One of the challenging topics in electrodiagnostic medicine is the diagnosis of proximal brachial plexus entrapment syndromes such as neurogenic thoracic outlet syndrome, especially in the early stages, when there is no significant axonal degeneration. At this stage there is only demyelination and/or a focal conduction block involving a short segment of plexus that can't be evaluated by routine peripheral nerve conduction studies and has no needle EMG findings. In this setting, use of Central motor conduction time (CMCT) can be a potentially useful technique to confirm the clinical diagnosis. Central motor conduction time (CMCT) is obtained when the peripheral conduction time (PCT) is subtracted from the absolute latency of cortex to target muscle conduction time. PCT is obtained by different methods including; F-wave latency, magnetic or electrical nerve root stimulation and stimulation of the brachial plexus [1, 8, 9]. CMCT coefficients of variation for these techniques are; 15% for cervical magnetic stimulation, 13% for F-wave latency and 11% for cervical needle electrical stimulation . Facilitation and intensity of stimulation can affect all the indices of motor evoked responses including; amplitude, area and latency[1, 9]. but the effects of these variants on latency of motor evoked response are far less than on area and amplitude. So the latency of motor evoked response is the most reliable index and is more frequently used for investigative purposes [1, 8].
Adjustment of coil stimulator angle on the scalp and ipsilateral slight contraction of the target muscle, as the facilitation maneuvers, were used to improve the quality of response. The stimulator machine used in this study was Mag-stim 200 set on 90–100% of its maximal output (1.5 Tesla) for cortical stimulation and 70–80% of its maximal output for brachial plexus stimulation. The coil used was circular in shape with an internal diameter of 7.5 cm and its central point was used to stimulate the above mentioned targets. The recording instrument was a four channel "Toennis Neuroscreen Plus" set on: time division 5 ms, sensitivity 500–1000 μv/div. Recording electrodes were conventional bar electrodes.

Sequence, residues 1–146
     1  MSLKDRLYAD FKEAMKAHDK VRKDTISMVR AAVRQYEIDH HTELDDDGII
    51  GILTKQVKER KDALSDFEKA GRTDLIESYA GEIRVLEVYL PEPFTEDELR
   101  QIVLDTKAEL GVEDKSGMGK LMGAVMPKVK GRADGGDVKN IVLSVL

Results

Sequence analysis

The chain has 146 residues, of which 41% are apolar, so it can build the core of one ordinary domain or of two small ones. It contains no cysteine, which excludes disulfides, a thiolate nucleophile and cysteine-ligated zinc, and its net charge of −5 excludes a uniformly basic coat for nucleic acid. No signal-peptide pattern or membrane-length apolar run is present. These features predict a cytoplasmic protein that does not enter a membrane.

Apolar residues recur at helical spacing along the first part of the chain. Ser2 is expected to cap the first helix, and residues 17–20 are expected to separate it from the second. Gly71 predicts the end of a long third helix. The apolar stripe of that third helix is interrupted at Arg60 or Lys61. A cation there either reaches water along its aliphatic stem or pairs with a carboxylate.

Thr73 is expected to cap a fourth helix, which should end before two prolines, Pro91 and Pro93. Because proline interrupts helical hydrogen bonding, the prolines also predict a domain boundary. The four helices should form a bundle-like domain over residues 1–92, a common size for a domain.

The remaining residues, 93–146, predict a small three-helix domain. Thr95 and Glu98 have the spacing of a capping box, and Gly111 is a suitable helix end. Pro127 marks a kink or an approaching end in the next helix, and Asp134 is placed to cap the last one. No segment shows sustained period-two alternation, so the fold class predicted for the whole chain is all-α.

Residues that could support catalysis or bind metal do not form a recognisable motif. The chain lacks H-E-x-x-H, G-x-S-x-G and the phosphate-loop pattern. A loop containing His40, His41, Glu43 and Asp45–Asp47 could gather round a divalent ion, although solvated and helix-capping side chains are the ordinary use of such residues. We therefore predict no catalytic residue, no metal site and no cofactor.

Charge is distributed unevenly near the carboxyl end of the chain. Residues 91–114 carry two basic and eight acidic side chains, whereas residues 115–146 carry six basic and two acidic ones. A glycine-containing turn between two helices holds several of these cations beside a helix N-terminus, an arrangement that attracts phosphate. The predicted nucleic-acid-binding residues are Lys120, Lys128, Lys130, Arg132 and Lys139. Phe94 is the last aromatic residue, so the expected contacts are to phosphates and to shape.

Data obtained in this study was analyzed by SPSS-9 software. The mean age of males was 44.7 years (range: 24–65 yrs) and that of females was 42.0 yrs (range: 18–67 yrs). The mean for the absolute latency (cortex to muscle) of the median nerve with recording from the thenar muscles was 21.4 (SD = 1.7) ms. This value was 21.9 (SD = 1.4) ms in males and 21.0 (SD = 1.7) ms in females.
Absolute latency and central motor conduction time (CMCT) of median and ulnar nerves in 112 upper limbs of normal volunteers
All patients mean(SD)
The number of cases entered in this study is remarkably larger than those used in similar studies. Zwarts in his study with a sample size of 36 obtained these results: latency of cortex to APB muscle = 20.6 ms (SD = 1.2) and CMCT recorded from APB = 7.4 ms (SD = 0.9) .